Closed Bug 1139718 Opened 7 years ago Closed 7 years ago

Structured clone of Set and Regexp doesn't work via sendAsyncMessage if XPCOM objects are also sent

Categories

(Core :: JavaScript Engine, defect)

defect
Not set
normal

Tracking

()

RESOLVED FIXED
mozilla40
Tracking Status
e10s m7+ ---
firefox40 --- fixed

People

(Reporter: MattN, Assigned: billm)

References

Details

Attachments

(5 files, 2 obsolete files)

+++ This bug was initially created as a clone of Bug #1139696 +++

Structured clones of RegExp and Set works with a data URI content script and when the content page is a data URI, it doesn't work for http pages. See the attached testcase which outputs to the Browser Console on pages with <input type=password>. WARNING: saved logins for the site are output to the console. 

Works on: data:text/html,<form><input type=password ></form>
Doesn't work on: https://wiki.allizom.org/index.php?title=Special:UserLogin

Actual result:
> "data" Object { requestId: "{8816d4cc-07ba-9e43-88fb-abb79add38…", logins: Array[0], set: Object, regexp: Object, array: Array[3] }
> "set" Object {  } "[object Object]"
> "regexp" Object {  } "[object Object]"

Expected result:
> "data" Object { requestId: "{cc86a722-acf7-4941-96b5-7868ee217f…", logins: Array[0], set: Set[3], regexp: /four/ }
> "set" Set [ 1, /two/, 3 ] "[object Set]"
> "regexp" /four/ "[object RegExp]"

It seems like some kind of security wrapper is getting in the way.
Flags: needinfo?(bobbyholley)
(In reply to Matthew N. [:MattN] from comment #0)
> Structured clones of RegExp and Set works with a data URI content script and
> when the content page is a data URI, it doesn't work for http pages. See the
> attached testcase which outputs to the Browser Console on pages with <input
> type=password>. WARNING: saved logins for the site are output to the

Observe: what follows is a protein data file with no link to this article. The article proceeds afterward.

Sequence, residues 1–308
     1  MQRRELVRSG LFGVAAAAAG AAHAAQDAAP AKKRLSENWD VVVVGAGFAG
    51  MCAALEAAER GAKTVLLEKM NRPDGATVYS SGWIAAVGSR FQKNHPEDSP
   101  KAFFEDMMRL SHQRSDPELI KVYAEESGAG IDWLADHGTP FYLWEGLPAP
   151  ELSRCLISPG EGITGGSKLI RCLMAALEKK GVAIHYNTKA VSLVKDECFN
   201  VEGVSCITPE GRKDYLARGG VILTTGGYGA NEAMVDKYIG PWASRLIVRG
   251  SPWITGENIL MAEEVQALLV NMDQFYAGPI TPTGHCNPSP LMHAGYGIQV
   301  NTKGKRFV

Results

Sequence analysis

> console. 

Can you be more explicit about which principal is cloning the object, and which principal the object belongs to?

Can you reproduce the problem using only Sandboxes? That would let you write a self-contained testcase of a few lines, at which point I might be able to take a look.
Flags: needinfo?(bobbyholley)
Hey Matt, I couldn't reproduce this one. I applied your patch and visited the allizom page you gave. It printed the expected output.

The test here only deals with the system principal. Did you maybe reduce it too much by accident?
Flags: needinfo?(MattN+bmo)
Weird, I also can't reproduce now… I'll try figure out what changed.
OK, the problem is that it only fails when you have a saved login for the domain (I assumed it was related to the data URI null principal since all the sites I tested on had saved logins). An array of nsILoginInfo is getting sent in the same message if there are ones saved for that domain.

You can make the existing testcase work by submitting a fake username and password at the URL and choosing to have Firefox remember it. The next page load will have the bug. I will also make a reduced testcase.
Flags: needinfo?(MattN+bmo)
Summary: Structured clone of Set and Regexp doesn't work via sendAsyncMessage depending on the principal of the content page → Structured clone of Set and Regexp doesn't work via sendAsyncMessage if XPCOM objects are also sent